The fourth and last volume in Churchill's famous account spans 1815 to 1901. It closes when the British Empire is at its peak, with a staggering one-fifth of the human race presided over by the longest reigning monarch in British history: Queen Victoria.
In America he assesses the position of the "Great Republic" from slavery and secession to its position as a world superpower. He charts the rise of Germany and the unification of Italy and examines the situation in the Balkans in 1878, all of which had a deep impact not only on the war he was soon to fight, but on the geography of the European continent today.
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No one is better able through ability and experience to relate man's struggle in securing democracy and in doing so, in building Western Civilization.
• Covers the European peace treaty post-Napoleon, The Crimean War, the rise of Germany, and the Russo-Turkish war relatively well
• At times it was difficult to listen to (flowery language obscured the meaning of what the writer was trying to convey)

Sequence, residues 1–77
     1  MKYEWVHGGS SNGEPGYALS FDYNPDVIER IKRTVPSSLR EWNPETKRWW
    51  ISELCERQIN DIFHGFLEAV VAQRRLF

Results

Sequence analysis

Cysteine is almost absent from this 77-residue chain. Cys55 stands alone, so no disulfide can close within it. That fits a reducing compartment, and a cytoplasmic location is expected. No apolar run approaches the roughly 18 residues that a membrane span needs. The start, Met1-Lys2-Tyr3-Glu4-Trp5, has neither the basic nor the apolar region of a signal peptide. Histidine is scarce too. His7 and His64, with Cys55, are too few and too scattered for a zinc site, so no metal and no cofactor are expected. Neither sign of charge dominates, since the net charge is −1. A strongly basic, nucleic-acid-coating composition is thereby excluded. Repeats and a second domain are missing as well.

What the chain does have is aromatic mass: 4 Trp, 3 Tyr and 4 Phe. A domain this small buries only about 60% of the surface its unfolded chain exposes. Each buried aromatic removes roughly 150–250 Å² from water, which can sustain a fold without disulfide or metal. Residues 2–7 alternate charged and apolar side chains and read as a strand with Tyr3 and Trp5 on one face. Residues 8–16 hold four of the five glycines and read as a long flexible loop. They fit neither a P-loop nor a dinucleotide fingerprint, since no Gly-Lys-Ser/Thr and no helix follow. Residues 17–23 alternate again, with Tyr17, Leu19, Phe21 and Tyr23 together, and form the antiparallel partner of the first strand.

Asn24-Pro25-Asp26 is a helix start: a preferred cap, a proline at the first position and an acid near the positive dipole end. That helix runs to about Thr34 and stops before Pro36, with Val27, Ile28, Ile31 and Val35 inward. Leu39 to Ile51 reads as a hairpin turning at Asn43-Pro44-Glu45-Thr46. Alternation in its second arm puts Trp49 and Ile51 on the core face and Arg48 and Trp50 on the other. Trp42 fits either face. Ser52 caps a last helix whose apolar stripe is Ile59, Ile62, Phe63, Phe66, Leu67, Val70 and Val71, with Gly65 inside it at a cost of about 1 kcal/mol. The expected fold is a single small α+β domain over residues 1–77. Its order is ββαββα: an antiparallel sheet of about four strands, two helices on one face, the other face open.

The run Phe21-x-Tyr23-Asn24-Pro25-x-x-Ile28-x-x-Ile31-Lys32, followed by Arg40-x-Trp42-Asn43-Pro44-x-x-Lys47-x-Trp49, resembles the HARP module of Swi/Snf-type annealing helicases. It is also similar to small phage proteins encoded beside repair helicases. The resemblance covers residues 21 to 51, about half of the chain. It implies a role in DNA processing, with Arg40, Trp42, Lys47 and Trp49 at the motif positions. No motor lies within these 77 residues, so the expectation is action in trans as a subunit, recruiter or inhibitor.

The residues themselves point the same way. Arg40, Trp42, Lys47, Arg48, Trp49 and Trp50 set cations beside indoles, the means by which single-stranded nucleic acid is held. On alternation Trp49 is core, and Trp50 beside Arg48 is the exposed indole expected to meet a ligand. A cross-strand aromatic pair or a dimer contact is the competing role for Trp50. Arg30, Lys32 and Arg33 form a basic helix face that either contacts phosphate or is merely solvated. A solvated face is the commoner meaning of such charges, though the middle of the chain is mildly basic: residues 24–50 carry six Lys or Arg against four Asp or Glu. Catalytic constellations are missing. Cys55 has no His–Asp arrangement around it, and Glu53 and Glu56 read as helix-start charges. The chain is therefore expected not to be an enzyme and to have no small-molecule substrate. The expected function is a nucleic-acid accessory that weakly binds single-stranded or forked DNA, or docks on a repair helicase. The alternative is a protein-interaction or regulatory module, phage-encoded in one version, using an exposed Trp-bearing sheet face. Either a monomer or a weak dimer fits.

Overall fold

• Too much time seemed to be spent on politics in England
• Too much time spent on minute details of events like the wars rather than summarize the main conclusions or how certain details related to the greater picture
• Was expecting it to be more focused on England than other countries
• Was left with a sense that the general progression of English society to a modern state was not covered or at least not summarized
"easy listening - modern history"
It is easy to listen to and contains more events and facts than I can remember
Winston Churchill he significantly changed the course of the war and never gave up.
clearly spoken and engaging. liked his Churchill voice
it is too long for that
in my top ten audible books
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